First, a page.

WIRED just published an article that made me both disappointed and surprised at the same time. Security researchers found USB-based Sogu espionage malware spreading within African operations of European and U.S. firms.
Yup, you read that right: USB-based malware.
Here is a quick summary with a link to the full article at WIRED. The upshot? You still need to train your global workforce on the risks of them good ‘ol USB sticks…
The cybersecurity firm Mandiant has uncovered a resurgence in USB-based malware attacks led by a China-linked hacker group called UNC53. This group has successfully hacked at least 29 global organizations since last year by social engineering employees into using malware-infected USB drives.
Many of these attacks have originated from the African operations of multinational companies in countries such as Egypt, Zimbabwe and Kenya. The malware used is a decade-old strain known as Sogu, which has been involved in significant cyber-espionage activities in the past.
The campaign is especially effective in regions where USB drives are still commonly used, like Africa. Mandiant found that the malware often spreads from shared computers in places like internet cafés, affecting various sectors including consulting, banking and government agencies. The malware uses clever tactics to infect machines, even those without internet connections, and communicates with a command-and-control server to steal data.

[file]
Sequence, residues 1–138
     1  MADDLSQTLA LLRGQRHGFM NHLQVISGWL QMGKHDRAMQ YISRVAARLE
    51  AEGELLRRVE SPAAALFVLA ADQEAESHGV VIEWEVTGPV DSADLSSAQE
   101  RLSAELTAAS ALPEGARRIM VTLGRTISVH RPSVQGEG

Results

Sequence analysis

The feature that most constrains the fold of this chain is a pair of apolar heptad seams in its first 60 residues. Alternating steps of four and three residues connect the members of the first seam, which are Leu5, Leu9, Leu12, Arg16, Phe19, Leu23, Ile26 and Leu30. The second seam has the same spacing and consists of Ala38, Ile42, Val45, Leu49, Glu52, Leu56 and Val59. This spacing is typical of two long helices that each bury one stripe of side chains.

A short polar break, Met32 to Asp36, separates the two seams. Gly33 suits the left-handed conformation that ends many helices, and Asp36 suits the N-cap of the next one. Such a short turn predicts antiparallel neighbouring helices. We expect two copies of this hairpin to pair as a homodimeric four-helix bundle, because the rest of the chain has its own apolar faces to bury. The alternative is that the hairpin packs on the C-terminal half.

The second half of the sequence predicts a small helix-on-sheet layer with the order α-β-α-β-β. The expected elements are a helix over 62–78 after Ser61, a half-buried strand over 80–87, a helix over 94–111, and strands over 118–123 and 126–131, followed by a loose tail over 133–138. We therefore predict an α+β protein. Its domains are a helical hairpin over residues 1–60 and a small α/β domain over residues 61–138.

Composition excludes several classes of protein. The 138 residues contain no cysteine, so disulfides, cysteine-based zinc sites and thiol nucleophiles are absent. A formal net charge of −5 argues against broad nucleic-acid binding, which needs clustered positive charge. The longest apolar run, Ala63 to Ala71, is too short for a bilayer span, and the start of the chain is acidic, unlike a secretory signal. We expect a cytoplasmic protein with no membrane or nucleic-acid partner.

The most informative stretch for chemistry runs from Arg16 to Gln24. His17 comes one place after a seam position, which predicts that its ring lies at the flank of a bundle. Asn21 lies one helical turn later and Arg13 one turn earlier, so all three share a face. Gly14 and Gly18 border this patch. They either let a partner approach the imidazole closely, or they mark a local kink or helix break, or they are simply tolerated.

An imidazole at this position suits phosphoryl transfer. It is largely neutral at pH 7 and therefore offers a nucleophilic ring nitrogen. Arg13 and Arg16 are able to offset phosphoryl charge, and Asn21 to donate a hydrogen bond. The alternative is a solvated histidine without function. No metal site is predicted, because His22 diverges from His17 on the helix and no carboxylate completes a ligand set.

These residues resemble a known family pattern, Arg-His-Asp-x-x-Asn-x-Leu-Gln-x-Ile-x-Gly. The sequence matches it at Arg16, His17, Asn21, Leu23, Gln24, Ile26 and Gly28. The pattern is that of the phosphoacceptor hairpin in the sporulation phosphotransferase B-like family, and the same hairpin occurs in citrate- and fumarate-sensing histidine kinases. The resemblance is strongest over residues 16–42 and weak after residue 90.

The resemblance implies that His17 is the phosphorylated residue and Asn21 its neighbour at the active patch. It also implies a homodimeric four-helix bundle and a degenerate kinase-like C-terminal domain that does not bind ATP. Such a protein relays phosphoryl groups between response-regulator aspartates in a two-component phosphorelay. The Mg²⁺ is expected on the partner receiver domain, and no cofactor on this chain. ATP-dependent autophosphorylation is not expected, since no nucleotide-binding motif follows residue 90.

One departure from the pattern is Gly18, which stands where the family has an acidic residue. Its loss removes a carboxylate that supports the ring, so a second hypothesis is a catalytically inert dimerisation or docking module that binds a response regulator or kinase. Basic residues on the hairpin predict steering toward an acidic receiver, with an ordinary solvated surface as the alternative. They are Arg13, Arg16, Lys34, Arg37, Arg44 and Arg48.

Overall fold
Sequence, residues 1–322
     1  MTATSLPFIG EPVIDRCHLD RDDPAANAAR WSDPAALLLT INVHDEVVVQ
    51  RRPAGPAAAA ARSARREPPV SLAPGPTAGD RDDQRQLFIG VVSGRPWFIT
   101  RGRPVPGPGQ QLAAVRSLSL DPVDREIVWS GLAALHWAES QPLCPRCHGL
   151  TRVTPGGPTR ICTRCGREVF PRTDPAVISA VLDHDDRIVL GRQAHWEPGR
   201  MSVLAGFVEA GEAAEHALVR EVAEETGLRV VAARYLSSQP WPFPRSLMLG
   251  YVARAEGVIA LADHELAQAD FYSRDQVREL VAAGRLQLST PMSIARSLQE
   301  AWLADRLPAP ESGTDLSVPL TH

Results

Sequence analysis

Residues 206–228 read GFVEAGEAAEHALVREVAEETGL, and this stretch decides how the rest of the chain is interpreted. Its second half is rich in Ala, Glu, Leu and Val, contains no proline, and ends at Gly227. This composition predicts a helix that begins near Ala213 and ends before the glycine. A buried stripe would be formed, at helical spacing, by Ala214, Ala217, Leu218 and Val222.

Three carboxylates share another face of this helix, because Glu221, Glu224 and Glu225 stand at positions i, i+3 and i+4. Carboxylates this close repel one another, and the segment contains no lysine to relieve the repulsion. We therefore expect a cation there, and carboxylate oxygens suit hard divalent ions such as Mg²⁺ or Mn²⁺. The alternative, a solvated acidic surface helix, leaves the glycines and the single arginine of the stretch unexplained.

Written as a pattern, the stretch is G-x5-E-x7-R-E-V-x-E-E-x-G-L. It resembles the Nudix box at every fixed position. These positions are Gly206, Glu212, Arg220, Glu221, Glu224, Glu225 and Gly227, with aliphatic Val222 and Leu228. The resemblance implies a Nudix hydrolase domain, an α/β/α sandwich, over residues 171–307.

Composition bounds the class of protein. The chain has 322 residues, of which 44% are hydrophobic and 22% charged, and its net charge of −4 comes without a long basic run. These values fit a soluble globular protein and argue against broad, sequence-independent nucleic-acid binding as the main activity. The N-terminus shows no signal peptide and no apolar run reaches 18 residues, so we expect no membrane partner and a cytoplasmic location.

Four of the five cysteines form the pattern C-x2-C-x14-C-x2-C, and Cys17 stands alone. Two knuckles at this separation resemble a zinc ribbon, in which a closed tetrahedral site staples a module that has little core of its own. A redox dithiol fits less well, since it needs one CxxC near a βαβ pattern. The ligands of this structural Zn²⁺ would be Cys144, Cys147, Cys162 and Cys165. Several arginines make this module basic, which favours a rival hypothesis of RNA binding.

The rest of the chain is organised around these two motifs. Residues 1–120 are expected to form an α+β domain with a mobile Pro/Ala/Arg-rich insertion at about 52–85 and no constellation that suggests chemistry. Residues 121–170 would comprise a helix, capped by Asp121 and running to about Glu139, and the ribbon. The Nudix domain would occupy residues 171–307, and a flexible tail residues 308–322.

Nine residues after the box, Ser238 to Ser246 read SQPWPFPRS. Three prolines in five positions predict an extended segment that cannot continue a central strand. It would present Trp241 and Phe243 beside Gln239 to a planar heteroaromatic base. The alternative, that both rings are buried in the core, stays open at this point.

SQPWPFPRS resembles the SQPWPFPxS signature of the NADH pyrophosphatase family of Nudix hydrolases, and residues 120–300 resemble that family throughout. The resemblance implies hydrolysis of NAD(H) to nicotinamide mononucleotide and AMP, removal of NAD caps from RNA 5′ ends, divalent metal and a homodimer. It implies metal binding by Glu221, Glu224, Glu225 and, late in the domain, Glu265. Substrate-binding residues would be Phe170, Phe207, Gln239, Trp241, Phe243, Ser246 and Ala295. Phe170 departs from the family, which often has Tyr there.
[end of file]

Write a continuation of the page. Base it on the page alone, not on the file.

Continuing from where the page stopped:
Mandiant researchers note that this indiscriminate method allows the hackers to cast a wide net, sorting through victims for high-value targets later. The campaign highlights the need for organizations to remain vigilant against all forms of cyber threats, even those considered outdated.
This is particularly important for global networks that include operations in developing countries, where older technologies like USB drives are still in use. Train your workforce!
China’s Cyber Offensive: FBI Director Reveals Unmatched Scale of Hacking Operations:
USPS Customers Become the Latest Target of the Chinese Smishing Group Called “Smishing Triad”:
Previously unseen version of SysUpdate used in August 2023 campaign.
The Budworm advanced persistent threat (APT) group continues to actively develop its toolset. Most recently, the Threat Hunter Team in Symantec, part of Broadcom, discovered Budworm using an updated version of one of its key tools to target a Middle Eastern telecommunications organization and an Asian government.